These systems use a variety of imaging technologies to automate the collection of tolls and to minimize the driver time spent at the tollbooth. Currently, these systems use radio tags within the vehicle that communicate with the tollbooth imaging system. Within milliseconds, the approaching vehicle is identified and the toll is automatically withdrawn from the driver's prepaid account. Most installed systems direct the user to exit in special 5- to 15-mph lanes.
These imaging systems are used predominantly as enforcement tools for violators of the special automated lanes. If a vehicle exits the automated lane without the special radio tag or with an overdrawn account, the imaged license-plate information is forwarded to a ticketing center.
The commonality of all these imaging applications is the acquisition of the license-plate image and the subsequent reading of the information using optical-character-recognition (OCR) techniques. Over the past decade, these systems have provided solutions for various traffic applications, with minor variations to standard vision/imaging hardware, software, and lighting components.
Automated tollbooth stations have demonstrated improved traffic flow, by improving service to drivers, and increased revenues for state toll collections. In North America, several progressive organizations have begun developing the next generation of imaging systems for higher-speed toll collection. For example, the Canadian providence of Ontario has installed a vision-based system that uses no radio tags or user registration other than license-plate information.
Similarly, in the United States, the NYSTA has performed extensive roadside tests over the past 24 months to implement automated toll-collection systems that allow vehicles to pass through tollbooths at highway speeds. The primary reason for installing this type of system is to eliminate tollbooths in areas where major highways converge. This setup permits vehicles to transfer on and off tollways without slowing down.
However, updated high-speed toll-collection systems provide additional challenges over those of current systems. The new systems require that all vehicles using the throughways be properly identified at both entrances and exits. Currently, on the NYSTA, vehicles require proper identification as defined by eight toll classes and ten subclasses.
Intense NYSTA testing has demonstrated that laser-based imaging systems help provide the best vehicle information regarding length, number of trailers, and number of wheels for proper toll classification. Similarly, these imaging systems also identify the vehicle road and lane positions necessary for a camera-based acquisition system to acquire both front- and rear-license-plate images for proper identification (see Fig. 2). Based on these images, the OCR software reads the license-plate numbers and transfers the information to a centralized processing station.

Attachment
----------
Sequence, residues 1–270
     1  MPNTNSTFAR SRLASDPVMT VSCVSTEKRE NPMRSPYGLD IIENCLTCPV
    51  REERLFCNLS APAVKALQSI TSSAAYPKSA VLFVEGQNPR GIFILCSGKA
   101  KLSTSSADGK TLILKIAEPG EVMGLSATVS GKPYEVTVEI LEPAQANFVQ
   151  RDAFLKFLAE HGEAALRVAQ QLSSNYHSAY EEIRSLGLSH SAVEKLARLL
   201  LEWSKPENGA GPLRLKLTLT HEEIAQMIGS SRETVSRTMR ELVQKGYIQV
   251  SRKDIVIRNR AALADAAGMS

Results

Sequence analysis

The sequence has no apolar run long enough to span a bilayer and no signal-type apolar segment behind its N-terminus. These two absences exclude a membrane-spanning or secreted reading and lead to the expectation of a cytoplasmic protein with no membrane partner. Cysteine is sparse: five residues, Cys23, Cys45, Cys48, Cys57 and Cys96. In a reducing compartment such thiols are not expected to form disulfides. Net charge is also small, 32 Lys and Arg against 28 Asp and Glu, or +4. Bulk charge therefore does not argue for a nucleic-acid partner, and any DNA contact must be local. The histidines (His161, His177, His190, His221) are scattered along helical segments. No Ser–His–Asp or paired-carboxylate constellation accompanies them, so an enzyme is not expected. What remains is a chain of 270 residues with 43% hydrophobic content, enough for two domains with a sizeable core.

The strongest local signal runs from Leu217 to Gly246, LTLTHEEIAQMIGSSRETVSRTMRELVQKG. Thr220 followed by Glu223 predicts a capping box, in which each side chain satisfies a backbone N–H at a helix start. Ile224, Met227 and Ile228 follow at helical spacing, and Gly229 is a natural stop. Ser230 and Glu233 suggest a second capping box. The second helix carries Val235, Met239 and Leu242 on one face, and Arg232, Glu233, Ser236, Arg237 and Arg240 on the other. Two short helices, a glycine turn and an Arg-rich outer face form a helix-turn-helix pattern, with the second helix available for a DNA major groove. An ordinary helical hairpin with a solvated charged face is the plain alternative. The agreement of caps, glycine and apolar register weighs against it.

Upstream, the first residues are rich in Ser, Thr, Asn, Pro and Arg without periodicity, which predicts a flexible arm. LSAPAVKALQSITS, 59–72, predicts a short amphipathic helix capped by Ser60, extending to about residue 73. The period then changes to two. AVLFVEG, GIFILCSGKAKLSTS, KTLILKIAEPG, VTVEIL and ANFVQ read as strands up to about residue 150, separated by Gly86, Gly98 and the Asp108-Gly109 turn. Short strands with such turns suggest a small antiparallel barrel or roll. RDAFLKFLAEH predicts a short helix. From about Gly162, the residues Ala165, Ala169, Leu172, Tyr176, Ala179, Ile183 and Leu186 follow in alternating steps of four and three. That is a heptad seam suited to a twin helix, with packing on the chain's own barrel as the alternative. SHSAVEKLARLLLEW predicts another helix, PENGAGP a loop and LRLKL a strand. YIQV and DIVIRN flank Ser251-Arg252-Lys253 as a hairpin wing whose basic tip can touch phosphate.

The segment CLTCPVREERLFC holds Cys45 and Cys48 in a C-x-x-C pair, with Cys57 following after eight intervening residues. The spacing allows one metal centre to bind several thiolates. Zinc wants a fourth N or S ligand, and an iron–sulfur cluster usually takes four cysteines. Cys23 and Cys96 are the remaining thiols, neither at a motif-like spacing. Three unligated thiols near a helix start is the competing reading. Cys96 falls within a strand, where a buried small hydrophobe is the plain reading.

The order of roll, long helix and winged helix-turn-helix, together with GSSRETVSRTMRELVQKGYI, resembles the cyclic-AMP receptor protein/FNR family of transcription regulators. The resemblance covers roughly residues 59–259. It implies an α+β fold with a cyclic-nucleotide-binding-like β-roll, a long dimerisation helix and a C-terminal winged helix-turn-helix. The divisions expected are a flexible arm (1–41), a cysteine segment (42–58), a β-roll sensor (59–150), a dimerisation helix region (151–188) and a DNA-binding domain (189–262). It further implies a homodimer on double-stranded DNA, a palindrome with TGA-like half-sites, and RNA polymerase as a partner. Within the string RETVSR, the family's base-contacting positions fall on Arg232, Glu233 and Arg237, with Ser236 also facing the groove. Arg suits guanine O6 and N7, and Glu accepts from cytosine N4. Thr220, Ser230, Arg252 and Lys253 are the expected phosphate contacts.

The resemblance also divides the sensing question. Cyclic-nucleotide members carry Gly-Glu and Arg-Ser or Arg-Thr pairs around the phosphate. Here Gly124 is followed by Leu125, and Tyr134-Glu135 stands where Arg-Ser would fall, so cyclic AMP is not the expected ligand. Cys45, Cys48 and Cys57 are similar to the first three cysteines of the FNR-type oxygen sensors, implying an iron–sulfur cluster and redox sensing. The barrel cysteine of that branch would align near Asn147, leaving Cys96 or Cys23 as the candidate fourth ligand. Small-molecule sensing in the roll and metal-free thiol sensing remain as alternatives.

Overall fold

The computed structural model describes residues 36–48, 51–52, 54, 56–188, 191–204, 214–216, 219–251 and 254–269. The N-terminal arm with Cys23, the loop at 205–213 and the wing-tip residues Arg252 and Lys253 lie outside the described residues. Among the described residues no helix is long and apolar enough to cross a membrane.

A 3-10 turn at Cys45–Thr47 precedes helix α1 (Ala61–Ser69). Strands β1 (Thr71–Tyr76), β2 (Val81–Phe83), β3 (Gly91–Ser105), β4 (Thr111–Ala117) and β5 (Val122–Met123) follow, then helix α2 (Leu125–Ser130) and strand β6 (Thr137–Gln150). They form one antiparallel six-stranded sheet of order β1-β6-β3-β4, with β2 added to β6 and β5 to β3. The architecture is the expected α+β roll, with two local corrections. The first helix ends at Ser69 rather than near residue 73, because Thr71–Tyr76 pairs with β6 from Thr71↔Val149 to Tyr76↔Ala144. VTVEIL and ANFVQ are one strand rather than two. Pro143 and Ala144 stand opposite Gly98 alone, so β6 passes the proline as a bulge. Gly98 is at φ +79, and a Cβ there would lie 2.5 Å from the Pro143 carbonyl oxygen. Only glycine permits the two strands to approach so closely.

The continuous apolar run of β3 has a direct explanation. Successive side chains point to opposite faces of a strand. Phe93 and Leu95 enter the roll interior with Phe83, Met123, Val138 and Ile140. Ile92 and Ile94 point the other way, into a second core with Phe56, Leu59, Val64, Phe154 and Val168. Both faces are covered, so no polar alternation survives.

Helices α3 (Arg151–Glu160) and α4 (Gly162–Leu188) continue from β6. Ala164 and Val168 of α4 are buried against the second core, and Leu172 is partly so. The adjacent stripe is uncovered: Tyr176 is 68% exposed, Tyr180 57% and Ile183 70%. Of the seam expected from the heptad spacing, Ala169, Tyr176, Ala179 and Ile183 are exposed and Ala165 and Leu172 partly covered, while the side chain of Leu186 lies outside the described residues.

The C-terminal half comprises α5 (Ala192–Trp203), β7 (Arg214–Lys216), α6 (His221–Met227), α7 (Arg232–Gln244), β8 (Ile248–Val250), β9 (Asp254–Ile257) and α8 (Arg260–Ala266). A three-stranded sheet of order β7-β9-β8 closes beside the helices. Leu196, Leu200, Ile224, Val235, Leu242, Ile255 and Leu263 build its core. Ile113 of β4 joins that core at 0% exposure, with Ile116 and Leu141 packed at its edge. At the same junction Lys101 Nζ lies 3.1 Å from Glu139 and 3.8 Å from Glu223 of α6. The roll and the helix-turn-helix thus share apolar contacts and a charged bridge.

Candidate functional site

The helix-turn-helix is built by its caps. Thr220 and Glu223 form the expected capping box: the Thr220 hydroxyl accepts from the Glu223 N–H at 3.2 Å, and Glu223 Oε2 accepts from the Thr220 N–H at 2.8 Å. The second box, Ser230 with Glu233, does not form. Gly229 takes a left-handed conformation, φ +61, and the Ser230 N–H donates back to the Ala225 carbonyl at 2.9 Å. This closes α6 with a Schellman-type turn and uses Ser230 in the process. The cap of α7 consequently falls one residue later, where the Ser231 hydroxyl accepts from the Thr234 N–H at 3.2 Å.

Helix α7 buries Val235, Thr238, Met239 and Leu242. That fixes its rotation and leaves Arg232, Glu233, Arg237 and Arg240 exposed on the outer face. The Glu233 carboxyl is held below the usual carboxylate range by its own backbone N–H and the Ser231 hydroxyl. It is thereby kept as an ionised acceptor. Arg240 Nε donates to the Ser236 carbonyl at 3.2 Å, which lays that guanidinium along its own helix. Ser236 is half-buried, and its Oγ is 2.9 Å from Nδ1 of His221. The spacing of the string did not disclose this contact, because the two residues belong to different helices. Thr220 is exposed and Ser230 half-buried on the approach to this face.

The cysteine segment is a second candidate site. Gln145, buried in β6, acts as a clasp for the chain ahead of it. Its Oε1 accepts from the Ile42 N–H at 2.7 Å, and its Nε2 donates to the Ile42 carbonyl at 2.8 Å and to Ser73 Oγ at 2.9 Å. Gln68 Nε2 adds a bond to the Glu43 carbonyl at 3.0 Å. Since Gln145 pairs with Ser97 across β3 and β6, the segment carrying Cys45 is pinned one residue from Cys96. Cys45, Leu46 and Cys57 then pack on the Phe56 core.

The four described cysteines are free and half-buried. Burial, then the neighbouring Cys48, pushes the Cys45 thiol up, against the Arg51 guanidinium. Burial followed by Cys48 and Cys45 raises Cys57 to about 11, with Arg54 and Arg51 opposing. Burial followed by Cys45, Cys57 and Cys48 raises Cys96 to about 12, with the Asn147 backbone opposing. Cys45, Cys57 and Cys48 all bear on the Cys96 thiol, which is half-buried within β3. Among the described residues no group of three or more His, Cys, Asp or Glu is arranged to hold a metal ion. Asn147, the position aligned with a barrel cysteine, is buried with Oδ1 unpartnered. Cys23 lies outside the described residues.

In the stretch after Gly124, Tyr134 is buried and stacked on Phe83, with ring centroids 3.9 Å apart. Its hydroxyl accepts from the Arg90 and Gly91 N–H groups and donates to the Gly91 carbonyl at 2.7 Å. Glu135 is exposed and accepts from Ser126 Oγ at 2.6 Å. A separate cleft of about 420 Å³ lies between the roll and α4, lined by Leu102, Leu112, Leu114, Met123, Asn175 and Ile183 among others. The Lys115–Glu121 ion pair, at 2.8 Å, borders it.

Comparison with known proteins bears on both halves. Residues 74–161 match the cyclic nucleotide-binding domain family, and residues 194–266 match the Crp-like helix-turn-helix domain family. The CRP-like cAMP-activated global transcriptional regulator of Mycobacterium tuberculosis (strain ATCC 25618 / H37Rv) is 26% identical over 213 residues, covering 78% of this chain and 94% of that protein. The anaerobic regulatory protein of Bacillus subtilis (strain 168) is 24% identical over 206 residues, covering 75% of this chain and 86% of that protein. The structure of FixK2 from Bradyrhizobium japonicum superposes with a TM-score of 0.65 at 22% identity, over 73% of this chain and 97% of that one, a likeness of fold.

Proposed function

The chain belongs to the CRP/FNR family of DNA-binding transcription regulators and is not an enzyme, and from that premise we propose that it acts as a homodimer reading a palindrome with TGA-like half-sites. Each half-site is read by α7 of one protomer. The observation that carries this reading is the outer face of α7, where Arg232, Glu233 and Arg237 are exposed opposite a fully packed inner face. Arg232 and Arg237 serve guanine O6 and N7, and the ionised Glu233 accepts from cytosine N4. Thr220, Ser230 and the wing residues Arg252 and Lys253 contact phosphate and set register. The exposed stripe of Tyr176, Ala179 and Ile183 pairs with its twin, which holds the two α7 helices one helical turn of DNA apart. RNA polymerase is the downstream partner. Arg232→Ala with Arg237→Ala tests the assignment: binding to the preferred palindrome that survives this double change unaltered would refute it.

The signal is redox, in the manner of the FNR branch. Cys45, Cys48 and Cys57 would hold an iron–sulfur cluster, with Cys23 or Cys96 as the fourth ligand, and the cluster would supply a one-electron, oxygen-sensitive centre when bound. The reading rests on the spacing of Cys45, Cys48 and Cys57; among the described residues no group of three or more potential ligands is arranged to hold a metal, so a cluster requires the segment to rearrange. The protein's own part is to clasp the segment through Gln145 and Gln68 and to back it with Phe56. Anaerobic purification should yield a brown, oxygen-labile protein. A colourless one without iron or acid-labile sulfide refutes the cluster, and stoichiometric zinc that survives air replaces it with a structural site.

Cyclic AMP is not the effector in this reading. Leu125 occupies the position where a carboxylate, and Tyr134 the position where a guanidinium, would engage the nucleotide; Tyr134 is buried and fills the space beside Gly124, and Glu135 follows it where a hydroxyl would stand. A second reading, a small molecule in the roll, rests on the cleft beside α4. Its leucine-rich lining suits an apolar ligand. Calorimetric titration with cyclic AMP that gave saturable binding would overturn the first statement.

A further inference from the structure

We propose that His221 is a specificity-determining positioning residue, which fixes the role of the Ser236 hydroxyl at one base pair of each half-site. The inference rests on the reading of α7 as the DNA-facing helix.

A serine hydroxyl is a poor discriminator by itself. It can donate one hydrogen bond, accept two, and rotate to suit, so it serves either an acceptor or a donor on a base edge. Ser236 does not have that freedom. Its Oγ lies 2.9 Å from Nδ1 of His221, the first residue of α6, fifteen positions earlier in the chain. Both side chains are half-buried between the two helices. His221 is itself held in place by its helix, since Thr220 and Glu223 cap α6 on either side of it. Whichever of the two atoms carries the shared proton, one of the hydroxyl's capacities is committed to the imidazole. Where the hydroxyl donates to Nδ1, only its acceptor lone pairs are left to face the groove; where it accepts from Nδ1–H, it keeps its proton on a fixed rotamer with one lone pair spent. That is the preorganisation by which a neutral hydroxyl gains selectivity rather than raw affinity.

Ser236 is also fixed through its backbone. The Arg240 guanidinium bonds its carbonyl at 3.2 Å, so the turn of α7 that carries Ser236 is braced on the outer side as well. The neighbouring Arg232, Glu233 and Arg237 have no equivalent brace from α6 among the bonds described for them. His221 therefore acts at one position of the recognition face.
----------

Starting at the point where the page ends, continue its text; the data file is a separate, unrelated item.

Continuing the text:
The basic components for traffic imaging systems involve tailored digital cameras and frame grabbers, specialized lighting devices, and application-specific software. Whereas these components are similar to those developed for generic machine-vision applications, they have been tailored to meet specific parameters for license-plate-recognition applications.
For the demanding NYSTA installations, turnkey license-plate reader systems developed by Tecnicon International Inc. (Haymarket, VA) have exhibited reliable operation for more than 18 months (see Fig. 3). The camera used within these systems is the Model 1015T traffic camera from Eastman Kodak Co. (Rochester, NY). This digital camera was chosen because it uses a 1K x 1K-pixel CCD sensor that delivers the required resolution over the specified field of view.
Because a vehicle's license plate can potentially pass anywhere within a highway lane, the camera's field of view must be more than 12 feet in width, and yet the license-plate characters must still be identifiable by the OCR algorithm. Another major design consideration centers on the fiberoptic system interface. A gigabit fiberoptic ring network allows as many as four cameras per fiber pair to operate at 15 frame/s per camera.
The fiberoptic ring is used in these applications because of its wide bandwidth and high noise immunity. A typical traffic-imaging-system installation requires long lengths of signal and control cables for the successful operation of a multilaned tollbooth collection station. Copper-based signal lines are limited to about 30 m in length for carrying digital camera transmissions, whereas the fiberoptic platform allows a transmission range of up to 2 km.